FOXBORO, Mass. — About three months ago at this time, Dante Scarnecchia was peacefully enjoying retirement and had no plans to return to football.
Then the one team he’d make an exception for gave him a call, and he couldn’t pass up the chance.
Scarnecchia was re-hired as the New England Patriots’ offensive line coach in mid-February, two years after he announced his retirement from the same post following the 2013 season. Speaking to reporters Monday, Scarnecchia explained his thought process when the Patriots called him shortly after their AFC Championship Game loss to the Denver Broncos.
“Maybe two weeks after the season, my wife and I were out in California doing some stuff for the University of the Pacific, and I got a call.” Scarnecchia said. “(The Patriots) asked if I would be interested in coming back. Over the next, probably it was about eight to 10 days, we decided to come back. That was basically it.”
Scarnecchia was a Patriots lifer before his first retirement. He first joined New England in 1982 as a special teams coach and spent 29 of the next 31 years with the Patriots, taking over as offensive line coach in 1999. Massachusetts native Dave DeGuglielmo took over in 2014 after Scarnecchia’s retirement but was fired following the 2015 season, at which point the Pats reached out to Scarnecchia with an offer he couldn’t refuse.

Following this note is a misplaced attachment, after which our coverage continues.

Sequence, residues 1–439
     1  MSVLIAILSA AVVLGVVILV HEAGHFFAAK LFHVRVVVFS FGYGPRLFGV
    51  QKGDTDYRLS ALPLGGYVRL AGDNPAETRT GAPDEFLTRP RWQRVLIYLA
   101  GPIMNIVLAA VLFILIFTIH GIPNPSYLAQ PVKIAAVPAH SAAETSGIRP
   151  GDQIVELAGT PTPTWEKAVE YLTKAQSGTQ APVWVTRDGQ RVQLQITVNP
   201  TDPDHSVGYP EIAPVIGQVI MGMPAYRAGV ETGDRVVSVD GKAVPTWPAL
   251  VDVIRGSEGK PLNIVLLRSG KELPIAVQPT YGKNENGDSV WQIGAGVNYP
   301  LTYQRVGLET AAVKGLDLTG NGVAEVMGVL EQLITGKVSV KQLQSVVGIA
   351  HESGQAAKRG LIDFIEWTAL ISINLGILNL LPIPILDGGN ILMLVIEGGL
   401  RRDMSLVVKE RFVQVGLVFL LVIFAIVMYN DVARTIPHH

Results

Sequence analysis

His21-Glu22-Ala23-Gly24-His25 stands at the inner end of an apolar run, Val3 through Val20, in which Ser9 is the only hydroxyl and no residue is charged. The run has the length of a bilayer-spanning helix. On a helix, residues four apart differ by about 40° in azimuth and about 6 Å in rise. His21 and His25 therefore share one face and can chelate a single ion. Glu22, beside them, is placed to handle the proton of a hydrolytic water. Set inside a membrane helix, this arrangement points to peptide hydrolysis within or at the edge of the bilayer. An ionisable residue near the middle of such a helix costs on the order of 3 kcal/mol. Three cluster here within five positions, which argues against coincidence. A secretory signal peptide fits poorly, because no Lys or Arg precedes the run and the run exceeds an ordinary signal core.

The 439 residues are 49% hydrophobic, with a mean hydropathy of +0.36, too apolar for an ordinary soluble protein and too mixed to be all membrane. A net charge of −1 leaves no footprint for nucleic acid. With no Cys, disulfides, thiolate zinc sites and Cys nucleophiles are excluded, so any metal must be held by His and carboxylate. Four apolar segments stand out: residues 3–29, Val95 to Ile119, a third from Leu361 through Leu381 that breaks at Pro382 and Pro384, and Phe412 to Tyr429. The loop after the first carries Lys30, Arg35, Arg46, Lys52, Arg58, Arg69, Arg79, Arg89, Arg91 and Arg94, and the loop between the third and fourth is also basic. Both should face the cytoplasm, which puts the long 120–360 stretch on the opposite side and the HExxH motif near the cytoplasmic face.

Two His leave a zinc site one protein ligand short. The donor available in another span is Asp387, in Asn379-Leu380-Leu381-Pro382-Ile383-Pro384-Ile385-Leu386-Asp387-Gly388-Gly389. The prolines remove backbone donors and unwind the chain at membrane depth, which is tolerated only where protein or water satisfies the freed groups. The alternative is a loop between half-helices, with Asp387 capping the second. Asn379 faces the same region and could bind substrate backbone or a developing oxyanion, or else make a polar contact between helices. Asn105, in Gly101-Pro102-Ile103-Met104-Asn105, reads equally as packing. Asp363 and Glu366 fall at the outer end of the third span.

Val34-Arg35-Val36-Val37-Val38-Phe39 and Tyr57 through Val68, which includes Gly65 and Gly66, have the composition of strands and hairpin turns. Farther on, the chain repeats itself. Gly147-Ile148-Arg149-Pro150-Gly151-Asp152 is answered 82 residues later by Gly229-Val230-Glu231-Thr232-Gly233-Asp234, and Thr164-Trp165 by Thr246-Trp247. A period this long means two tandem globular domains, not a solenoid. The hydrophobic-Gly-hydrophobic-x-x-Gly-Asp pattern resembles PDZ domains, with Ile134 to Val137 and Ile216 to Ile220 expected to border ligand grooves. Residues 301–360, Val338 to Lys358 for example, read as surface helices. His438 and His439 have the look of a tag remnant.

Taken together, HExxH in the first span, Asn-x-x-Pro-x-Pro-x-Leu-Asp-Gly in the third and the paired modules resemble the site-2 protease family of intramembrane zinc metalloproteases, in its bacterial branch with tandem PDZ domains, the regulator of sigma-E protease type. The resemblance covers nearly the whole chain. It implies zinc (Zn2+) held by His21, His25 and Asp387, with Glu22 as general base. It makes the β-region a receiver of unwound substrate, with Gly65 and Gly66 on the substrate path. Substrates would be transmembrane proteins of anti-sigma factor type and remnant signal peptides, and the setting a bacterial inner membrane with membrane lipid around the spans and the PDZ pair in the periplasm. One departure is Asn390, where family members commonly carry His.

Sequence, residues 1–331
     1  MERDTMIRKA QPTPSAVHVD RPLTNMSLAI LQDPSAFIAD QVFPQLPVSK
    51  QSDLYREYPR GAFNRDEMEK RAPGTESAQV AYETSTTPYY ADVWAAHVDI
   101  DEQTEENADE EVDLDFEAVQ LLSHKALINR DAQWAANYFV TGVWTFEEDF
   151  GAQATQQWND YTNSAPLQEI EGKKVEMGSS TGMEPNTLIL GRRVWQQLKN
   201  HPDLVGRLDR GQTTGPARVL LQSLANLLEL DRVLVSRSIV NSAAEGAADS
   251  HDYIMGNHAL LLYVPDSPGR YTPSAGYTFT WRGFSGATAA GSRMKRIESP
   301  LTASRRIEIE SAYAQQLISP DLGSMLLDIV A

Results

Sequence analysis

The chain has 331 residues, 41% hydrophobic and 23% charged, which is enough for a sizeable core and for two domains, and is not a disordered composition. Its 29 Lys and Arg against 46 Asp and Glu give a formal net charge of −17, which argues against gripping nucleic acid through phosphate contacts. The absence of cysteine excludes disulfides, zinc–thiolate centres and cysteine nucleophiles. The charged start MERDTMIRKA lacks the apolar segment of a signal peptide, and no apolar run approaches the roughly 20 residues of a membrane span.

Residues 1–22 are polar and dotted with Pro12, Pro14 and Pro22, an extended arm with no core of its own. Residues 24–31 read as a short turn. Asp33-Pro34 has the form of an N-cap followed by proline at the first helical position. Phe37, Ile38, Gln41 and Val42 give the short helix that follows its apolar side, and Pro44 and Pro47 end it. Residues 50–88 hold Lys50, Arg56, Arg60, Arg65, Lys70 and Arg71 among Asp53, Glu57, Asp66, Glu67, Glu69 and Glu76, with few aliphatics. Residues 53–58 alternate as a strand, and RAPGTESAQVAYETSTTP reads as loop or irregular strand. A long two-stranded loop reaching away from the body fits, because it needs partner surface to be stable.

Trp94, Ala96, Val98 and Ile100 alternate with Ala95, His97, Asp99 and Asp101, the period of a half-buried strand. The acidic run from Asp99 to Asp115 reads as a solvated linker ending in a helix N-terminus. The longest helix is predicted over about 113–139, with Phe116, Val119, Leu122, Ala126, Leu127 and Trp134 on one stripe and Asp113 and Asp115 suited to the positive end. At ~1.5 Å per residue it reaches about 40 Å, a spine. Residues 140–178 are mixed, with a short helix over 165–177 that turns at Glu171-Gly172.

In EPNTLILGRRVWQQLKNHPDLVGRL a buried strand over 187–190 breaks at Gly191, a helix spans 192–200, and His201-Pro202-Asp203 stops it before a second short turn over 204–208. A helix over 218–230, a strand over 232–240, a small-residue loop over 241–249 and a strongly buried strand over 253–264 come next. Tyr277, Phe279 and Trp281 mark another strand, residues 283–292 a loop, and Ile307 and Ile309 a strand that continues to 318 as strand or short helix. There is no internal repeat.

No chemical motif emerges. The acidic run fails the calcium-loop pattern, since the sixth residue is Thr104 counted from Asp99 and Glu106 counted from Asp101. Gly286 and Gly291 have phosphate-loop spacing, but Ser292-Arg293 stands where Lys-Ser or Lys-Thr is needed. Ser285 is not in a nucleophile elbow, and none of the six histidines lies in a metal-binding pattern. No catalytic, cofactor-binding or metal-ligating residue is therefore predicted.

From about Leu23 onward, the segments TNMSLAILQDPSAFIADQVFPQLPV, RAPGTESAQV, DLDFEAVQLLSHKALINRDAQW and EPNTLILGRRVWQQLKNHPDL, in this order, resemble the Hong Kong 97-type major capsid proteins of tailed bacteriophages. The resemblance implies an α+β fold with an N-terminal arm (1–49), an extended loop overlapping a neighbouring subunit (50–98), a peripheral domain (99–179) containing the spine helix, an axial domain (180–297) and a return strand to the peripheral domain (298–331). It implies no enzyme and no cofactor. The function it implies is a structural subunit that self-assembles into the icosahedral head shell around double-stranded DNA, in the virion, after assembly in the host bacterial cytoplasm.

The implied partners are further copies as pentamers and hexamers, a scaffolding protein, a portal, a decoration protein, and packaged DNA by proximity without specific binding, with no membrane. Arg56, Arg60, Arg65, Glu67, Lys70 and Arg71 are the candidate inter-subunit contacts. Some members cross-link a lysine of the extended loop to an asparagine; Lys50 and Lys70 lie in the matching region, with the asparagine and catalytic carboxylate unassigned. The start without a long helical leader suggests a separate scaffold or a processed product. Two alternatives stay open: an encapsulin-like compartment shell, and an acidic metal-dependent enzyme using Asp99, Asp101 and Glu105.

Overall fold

“Honestly, I would have probably not gone back into coaching if I had to go somewhere else,” he said.
Scarnecchia admitted retirement, which allowed him to travel and spend time with his wife and grandchildren, was “very, very hard to give up.” But after recharging his batteries for two years, the 68-year-old is ready to get back in the game.
“I love coaching football,” Scarnecchia said. “I didn’t retire because I didn’t like coaching football. I retired because I got tired of the lifestyle. Two years off, I’m OK.”
Scarnecchia will have his work cut out for him. The Patriots’ offensive line was a major weak spot in New England’s season-ending loss to Denver and will need to play well out of the gate in 2016 with starting quarterback Tom Brady set to miss the first four games of the season.
Still, the veteran head coach is up to the challenge, even if it means returning to the grueling schedule of an NFL season.
“I didn’t miss the routine,” Scarnecchia said. “I was reminded of the routine when I got back and the second day we were in a 14-hour personnel meeting. I said, ‘Oh, my God.’ But that’s all right.”
Thumbnail photo via Greg M. Cooper/USA TODAY Sports Images